Reform Task Force Calls for Large Cut in Property Taxes
June 12th, 2013 by New Jersey Future staff
Note: This article was originally published on NJ Spotlight, and we are cross-posting it here because of the land-use and development ramifications of any change in how local schools are funded. From our website section on tax policies:
New Jersey’s fragmented system of local governance and its disproportionate reliance on property taxes for funding local services (particularly schools) combine to create incentives that have powerful, distorting effects on land-use decision-making.
Because municipalities are so often on their own to pay for local schools, every municipality has an incentive to adopt zoning that discourages any residential development that might attract new schoolchildren and hence require a hike in property tax rates. Instead, municipalities compete for the limited number of “clean ratables,” such as office parks and shopping malls, that their region can sustain. This results in the sub-optimal location of major projects and a self-reinforcing downward spiral of disinvestment for those municipalities that are unable to score these major projects, as rising tax rates continue to chase away the more prosperous residents and businesses.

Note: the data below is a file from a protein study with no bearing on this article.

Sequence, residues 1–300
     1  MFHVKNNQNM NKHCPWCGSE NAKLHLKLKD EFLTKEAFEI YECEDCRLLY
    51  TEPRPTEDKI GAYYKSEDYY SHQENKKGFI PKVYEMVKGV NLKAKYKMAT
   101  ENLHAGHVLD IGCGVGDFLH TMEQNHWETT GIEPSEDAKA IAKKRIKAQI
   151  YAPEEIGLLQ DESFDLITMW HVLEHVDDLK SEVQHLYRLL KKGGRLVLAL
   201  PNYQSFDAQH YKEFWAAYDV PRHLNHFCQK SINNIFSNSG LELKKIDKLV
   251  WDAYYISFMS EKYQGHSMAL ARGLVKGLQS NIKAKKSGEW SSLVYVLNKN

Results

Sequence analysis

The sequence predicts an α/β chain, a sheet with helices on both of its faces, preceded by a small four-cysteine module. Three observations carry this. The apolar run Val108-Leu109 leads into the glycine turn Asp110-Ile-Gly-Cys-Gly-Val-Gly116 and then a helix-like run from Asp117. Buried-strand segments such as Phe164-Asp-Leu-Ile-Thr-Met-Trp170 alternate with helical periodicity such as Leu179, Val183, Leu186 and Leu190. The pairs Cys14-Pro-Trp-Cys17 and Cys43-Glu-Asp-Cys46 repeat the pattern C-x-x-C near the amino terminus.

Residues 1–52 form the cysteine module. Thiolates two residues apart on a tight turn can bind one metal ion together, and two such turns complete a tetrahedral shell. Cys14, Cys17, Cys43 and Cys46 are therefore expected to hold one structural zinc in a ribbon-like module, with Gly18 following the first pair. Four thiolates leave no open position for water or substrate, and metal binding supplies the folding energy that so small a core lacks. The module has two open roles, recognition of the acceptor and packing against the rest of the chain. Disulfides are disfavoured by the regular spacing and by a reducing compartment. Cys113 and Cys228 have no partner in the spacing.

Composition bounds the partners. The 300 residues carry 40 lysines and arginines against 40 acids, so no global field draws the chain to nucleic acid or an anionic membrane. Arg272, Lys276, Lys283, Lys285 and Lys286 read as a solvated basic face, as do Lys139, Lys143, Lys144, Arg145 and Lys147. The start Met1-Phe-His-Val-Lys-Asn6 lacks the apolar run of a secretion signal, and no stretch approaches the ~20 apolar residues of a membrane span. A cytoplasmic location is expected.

New Jersey should revamp its income tax system to raise an additional $6 billion to reduce property taxes on most homes by more than a third, and if lawmakers don’t act, the state should hold a constitutional convention to get the reform enacted, the state’s municipal representatives recommended in a radical proposal unveiled yesterday.
But legislators from both parties, while recognizing the need to lower property taxes, did not endorse the income tax revision proposal of the New Jersey State League of Municipalities’ Property Tax Reform Task Force, saying it would be impossible to enact.
But Assembly Majority Leader Louis Greenwald (D-Camden) said he does support a constitutional convention.
“I’ve polled on this issue, too. You can’t sell this in focus groups,” he said during the league’s property tax reform conference at Monmouth University in West Long Branch, referring to changing the income tax structure. “People don’t trust us.”
“I think there is a need for a constitutional convention,” continued Greenwald, who has sponsored a bill (A2445) that would authorize a property tax reform convention. “The convention will be a citizens’ voice.”